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Miss USA 2017: 5 Things to Know About Miss District of Columbia Kara McCullough

Her reign begins! Miss District of Columbia Kara McCullough was crowned Miss USA 2017 at Las Vegas’ Mandalay Bay Convention Center on Sunday, May 14.

The 25-year-old took home the title over first runner-up Miss New Jersey Chhavi Verg and second runner-up Miss Minnesota Meridith Gould. McCullough will go on to represent the United States in the 66th Miss Universe pageant.

Here are five things to know about Miss USA 2017:

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1. She’s a chemist.

Beauty and brains! McCullough works as a chemist at the U.S. Nuclear Regulatory Commission. “I love science,” she told reporters after the event, per NBC. “I look at this as a great opportunity to … get to experience worldwide culture, as well as just having the opportunity to be impacted by so many children, hopefully in the math and sciences.”

According to NBC, she plans to discuss with her supervisor whether she will take a leave of absence from her job during her one-year reign.

2. She was born in Italy.

She was born in Naples, Italy, and raised in Virginia Beach, Virginia. She has also lived in several other countries because of her father’s career as a now-retired U.S. Navy officer. 

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3. She attended South Carolina State University.

She graduated with a degree in chemistry and specialization in radiochemistry. At SCSU, she was a member of the Honors College, the American Association of Blacks in Engineering and the Alpha Nu Sigma Honor Society, according to The Times & Democrat.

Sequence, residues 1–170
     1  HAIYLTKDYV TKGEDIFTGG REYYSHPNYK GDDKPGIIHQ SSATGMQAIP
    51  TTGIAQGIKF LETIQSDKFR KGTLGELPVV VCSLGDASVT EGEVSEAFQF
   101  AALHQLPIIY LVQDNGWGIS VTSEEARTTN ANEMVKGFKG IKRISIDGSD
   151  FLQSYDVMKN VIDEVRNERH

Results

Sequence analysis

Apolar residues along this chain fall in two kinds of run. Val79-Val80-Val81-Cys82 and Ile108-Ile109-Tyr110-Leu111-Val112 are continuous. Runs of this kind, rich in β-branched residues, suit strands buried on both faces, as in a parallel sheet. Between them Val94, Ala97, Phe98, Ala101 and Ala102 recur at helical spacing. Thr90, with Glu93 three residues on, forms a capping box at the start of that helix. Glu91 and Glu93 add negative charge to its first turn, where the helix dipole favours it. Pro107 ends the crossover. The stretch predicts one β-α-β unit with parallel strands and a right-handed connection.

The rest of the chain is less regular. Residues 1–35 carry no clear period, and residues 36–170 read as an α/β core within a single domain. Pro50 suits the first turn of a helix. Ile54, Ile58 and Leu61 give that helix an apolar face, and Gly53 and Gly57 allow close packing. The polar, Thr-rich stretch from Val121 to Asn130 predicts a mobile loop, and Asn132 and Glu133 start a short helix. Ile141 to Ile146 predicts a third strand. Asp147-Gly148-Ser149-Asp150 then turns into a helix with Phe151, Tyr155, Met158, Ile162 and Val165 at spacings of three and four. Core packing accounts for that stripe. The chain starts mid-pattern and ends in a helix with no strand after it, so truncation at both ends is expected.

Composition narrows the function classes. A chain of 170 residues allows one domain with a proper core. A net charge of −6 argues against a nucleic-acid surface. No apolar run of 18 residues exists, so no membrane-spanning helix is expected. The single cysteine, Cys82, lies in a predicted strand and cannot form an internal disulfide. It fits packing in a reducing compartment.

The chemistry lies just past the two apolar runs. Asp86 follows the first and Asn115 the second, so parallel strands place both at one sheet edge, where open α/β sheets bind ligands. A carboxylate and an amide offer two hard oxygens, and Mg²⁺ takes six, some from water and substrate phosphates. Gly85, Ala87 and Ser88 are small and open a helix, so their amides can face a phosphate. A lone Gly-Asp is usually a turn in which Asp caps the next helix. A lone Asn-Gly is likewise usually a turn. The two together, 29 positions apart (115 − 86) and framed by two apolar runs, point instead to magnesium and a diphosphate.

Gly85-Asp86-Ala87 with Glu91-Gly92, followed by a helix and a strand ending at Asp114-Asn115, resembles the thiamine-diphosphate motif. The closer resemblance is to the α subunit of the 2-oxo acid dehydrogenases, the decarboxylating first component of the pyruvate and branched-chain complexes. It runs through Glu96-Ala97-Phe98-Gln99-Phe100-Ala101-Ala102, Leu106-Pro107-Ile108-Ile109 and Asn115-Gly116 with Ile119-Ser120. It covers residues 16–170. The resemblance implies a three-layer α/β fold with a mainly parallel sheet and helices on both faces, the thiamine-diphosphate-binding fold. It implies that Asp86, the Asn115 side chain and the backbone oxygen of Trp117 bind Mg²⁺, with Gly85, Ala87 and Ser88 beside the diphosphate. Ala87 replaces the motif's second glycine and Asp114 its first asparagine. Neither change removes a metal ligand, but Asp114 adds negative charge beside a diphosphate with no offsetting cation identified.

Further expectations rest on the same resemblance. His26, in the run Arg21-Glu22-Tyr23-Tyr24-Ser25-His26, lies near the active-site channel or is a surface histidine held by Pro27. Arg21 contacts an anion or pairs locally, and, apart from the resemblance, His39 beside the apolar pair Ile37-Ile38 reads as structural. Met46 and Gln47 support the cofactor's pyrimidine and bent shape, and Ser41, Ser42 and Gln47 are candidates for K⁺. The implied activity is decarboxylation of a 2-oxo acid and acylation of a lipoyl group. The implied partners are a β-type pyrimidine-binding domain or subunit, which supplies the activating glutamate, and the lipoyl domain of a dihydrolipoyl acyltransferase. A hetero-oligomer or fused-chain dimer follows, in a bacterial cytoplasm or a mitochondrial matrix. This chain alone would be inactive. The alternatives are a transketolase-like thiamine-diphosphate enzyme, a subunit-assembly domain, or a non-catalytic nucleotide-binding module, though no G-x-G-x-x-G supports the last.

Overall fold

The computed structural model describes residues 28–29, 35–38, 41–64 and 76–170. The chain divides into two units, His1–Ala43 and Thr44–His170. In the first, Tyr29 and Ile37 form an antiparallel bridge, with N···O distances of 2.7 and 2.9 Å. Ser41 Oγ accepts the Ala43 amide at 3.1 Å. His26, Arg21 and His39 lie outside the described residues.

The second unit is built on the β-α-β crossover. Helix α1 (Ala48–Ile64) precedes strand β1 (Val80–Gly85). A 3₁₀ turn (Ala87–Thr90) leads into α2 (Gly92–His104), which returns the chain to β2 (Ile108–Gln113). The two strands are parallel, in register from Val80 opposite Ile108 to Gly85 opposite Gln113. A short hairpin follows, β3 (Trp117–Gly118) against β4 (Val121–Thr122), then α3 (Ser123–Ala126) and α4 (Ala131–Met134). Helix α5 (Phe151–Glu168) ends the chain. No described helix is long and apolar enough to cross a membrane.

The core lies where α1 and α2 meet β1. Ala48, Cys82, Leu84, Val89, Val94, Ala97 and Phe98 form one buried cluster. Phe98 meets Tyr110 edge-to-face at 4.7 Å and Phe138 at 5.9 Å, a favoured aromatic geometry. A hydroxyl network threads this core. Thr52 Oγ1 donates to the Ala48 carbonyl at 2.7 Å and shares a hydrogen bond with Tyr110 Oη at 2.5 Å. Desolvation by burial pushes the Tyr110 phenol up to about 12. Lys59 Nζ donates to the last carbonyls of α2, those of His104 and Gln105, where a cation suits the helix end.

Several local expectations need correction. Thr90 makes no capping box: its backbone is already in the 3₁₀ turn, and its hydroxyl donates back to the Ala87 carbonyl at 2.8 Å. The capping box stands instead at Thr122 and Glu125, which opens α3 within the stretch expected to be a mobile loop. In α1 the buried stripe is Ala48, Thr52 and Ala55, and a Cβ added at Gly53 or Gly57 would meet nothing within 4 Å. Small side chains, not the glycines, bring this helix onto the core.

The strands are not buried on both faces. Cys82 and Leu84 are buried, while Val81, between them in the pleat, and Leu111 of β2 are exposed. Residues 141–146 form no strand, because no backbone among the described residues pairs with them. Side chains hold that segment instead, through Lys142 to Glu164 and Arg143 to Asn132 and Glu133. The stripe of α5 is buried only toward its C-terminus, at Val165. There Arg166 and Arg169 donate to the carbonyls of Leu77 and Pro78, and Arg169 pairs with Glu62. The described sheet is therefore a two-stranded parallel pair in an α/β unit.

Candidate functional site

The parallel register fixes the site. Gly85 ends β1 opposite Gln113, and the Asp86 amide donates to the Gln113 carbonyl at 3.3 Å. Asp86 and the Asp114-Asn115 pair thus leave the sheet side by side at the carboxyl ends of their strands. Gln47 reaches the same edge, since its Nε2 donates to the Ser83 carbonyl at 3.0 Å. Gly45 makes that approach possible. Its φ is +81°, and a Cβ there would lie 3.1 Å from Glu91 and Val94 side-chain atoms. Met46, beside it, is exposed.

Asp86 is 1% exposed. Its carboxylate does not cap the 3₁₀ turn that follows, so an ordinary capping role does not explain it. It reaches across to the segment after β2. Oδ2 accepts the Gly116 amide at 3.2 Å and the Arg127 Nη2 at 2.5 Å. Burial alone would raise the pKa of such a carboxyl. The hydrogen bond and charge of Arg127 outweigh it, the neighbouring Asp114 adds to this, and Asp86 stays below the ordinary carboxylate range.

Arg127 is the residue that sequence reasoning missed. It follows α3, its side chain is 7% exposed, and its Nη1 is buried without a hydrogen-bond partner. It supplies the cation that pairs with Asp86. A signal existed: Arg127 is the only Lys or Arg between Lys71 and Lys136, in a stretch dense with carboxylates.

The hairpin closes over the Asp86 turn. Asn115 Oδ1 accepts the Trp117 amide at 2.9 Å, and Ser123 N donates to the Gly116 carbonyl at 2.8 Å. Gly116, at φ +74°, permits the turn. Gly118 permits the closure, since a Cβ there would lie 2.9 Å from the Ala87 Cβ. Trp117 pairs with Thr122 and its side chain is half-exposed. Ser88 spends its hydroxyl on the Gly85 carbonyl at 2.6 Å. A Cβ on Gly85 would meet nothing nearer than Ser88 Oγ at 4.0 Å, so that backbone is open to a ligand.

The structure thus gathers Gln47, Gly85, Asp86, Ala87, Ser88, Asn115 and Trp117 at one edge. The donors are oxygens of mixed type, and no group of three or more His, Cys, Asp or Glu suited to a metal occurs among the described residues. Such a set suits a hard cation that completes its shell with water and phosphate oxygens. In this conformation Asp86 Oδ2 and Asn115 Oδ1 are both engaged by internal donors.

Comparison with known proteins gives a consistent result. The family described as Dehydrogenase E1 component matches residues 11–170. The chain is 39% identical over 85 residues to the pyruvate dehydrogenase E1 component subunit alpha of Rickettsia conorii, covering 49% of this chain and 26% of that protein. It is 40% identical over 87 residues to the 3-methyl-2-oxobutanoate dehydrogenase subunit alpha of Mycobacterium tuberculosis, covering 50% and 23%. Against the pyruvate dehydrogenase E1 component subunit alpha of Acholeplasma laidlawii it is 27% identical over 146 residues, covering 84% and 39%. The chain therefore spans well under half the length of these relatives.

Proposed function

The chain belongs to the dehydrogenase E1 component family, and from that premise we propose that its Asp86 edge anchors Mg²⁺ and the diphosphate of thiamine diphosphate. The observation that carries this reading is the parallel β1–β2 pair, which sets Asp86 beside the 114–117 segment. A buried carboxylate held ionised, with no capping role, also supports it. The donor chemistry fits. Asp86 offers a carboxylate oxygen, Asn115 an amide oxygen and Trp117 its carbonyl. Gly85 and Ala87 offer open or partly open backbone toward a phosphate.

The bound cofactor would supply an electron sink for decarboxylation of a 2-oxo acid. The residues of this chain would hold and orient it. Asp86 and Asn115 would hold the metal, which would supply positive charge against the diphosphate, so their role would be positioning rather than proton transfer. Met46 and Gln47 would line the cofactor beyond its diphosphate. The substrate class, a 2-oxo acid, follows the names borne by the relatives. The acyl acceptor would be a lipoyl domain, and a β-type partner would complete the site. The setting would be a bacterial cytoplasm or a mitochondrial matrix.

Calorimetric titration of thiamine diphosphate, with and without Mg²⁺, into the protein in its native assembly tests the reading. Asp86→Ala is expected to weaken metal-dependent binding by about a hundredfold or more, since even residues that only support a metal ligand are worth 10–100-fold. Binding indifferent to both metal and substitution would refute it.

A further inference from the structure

4. She made D.C. back-to-back champs.

Miss USA 2016 Deshauna Barber, the first-ever active military member to receive the coveted title, was also from Washington, D.C. Barber attended this year’s ceremony and passed on the crown to her successor McCullough during the live broadcast.

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4. She’s already controversial.

During the question-and-answer round for the top five finalists, she was criticized on social media for her answer. When asked whether health care is a right or a privilege, she replied, “I’m definitely going to say it’s a privilege. As a government employee, I’m granted health care and I see firsthand that for one to have health care, you need to have jobs.”

The top three finalists were also asked whether they consider themselves feminists, and social media was once again divided over her response. “I don’t want to call myself a feminist,” McCullough said. “Women, we are just as equal as men, especially in the workplace.”

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